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There are around 50,000 large dams currently in operation and millions of smaller ones throughout the world. Dams contribute nearly 20% of the world's electricity through the generation of hydropower - in some places like Brazil this rises to around 70%. We're working to make sure dams are carefully planned and managed.

For example, dams are a significant part of the Latin American regions' infrastructure, and the demand for ever more construction in the Amazon continues to grow. But dams can cause huge environmental damage.

Vast areas of land are flooded upstream, destroying ecosystems and displacing communities. Dams also fragment rivers, acting as a barrier to migration and reducing wildlife populations. Downstream, flow dynamics are altered and ecosystems disrupted.

While we’re pushing hard for greater energy efficiency and use of alternative renewables such as wind and solar, further dam construction looks likely: some 277 dams are in the planning stage across the Amazon, so it’s essential that future dams are planned, developed and operated with great care, taking any environmental impacts into consideration. That’s why we’ve created a decision support system for hydropower development.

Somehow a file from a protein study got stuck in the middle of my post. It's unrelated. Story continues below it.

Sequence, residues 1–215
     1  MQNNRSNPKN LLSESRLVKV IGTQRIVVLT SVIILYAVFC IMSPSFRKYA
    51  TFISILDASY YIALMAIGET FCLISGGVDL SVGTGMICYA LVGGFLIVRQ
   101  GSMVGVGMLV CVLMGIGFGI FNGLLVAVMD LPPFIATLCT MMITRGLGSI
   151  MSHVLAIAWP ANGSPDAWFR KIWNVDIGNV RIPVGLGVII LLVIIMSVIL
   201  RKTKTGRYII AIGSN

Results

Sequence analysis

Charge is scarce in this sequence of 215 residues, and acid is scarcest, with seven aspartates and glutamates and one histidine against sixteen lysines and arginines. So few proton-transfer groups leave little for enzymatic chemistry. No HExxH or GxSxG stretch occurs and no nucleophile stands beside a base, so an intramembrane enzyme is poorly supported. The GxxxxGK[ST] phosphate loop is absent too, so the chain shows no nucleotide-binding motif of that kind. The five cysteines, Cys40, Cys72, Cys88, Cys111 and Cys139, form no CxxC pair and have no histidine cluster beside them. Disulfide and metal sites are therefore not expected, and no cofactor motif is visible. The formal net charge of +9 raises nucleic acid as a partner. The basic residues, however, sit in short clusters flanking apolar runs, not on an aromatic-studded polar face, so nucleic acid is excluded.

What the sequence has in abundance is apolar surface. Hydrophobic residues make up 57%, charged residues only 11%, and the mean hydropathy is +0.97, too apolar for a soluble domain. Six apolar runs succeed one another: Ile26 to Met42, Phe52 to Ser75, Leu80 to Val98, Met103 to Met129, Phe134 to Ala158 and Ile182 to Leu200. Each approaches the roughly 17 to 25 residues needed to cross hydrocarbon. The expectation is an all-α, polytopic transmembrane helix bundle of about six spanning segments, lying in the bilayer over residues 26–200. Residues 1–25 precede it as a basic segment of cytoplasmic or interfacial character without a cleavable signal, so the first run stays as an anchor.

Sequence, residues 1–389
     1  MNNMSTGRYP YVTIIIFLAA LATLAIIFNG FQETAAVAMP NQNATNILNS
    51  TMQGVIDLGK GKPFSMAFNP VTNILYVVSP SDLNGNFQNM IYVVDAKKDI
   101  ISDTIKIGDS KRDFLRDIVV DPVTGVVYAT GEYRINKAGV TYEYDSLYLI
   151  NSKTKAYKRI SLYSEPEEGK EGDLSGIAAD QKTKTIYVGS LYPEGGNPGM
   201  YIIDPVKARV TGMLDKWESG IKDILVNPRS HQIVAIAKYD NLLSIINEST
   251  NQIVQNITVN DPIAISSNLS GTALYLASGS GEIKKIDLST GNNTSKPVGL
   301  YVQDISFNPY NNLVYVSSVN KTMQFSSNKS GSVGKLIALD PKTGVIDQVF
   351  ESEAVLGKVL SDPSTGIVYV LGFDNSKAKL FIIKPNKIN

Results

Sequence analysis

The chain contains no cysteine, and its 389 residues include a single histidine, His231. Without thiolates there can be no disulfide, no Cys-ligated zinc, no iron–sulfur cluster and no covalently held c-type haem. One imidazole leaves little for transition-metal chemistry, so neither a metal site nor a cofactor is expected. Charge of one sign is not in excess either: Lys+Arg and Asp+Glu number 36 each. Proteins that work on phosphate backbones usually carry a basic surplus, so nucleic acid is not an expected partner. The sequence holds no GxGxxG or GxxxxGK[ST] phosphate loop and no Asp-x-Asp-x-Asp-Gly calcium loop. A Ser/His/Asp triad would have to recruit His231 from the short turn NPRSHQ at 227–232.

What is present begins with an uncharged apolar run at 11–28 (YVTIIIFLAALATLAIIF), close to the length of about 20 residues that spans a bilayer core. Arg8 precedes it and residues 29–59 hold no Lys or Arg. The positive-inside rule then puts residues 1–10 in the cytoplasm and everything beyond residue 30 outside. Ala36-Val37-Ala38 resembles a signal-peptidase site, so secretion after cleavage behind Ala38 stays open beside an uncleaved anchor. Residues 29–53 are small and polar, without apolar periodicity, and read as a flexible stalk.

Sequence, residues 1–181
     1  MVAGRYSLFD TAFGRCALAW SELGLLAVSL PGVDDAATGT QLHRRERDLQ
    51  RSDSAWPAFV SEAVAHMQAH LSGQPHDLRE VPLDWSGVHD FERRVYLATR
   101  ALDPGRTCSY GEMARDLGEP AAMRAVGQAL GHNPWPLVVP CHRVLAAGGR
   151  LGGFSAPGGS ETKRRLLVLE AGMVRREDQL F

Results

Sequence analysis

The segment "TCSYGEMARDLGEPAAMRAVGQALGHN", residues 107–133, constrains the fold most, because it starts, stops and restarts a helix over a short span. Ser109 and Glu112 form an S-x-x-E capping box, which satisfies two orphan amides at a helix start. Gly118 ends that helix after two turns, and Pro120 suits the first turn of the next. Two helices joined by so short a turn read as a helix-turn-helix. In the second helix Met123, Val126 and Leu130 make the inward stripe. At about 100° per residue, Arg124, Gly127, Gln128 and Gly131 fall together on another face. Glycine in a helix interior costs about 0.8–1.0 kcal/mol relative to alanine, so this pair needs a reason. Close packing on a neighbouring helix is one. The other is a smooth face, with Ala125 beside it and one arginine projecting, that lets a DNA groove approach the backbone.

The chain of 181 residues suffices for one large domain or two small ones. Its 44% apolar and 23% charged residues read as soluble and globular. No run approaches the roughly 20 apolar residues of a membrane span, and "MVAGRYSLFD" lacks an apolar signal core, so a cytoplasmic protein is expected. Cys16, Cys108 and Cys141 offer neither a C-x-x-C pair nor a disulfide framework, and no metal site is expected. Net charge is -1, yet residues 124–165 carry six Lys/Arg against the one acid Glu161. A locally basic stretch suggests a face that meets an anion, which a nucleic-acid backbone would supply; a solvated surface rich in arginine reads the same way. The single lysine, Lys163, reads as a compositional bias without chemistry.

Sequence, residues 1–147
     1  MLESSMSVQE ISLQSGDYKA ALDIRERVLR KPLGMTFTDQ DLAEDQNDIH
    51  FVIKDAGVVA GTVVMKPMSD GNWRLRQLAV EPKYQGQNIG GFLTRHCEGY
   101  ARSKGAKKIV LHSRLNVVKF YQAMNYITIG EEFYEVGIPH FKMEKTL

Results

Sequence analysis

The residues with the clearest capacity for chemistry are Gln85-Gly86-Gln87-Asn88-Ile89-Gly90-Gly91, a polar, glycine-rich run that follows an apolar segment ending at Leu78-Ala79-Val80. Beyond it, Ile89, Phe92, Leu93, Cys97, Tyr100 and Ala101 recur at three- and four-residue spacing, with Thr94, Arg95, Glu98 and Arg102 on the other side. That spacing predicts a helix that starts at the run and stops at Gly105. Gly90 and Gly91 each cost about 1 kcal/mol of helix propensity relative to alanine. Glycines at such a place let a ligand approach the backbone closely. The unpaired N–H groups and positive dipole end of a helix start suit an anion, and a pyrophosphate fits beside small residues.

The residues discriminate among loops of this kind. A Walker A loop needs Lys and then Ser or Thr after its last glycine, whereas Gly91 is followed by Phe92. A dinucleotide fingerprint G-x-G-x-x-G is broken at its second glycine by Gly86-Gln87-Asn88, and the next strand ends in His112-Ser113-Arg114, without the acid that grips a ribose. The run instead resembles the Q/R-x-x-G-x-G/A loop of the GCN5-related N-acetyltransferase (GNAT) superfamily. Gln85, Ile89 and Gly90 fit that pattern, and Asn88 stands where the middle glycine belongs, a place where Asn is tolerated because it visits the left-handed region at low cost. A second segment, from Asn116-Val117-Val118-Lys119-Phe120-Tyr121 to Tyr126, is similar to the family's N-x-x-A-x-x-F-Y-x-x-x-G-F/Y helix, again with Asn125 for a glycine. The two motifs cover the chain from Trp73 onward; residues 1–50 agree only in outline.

Called HIS-ARA, it identifies priority conservation areas and uses data on ecosystems and habitat types to help basin scale planning in a strategic, sustainable way across the region. The open source tool has been endorsed by the Brazilian government, and a broad range of groups are already using it.

We’re not afraid to take swift action, either. When recent government plans included two dams that would have flooded large parts of Brazil’s important Juruena National Park, we launched an international campaign in opposition. The plans were withdrawn!

We’re now introducing our decision support system to river basins in Peru and Bolivia.

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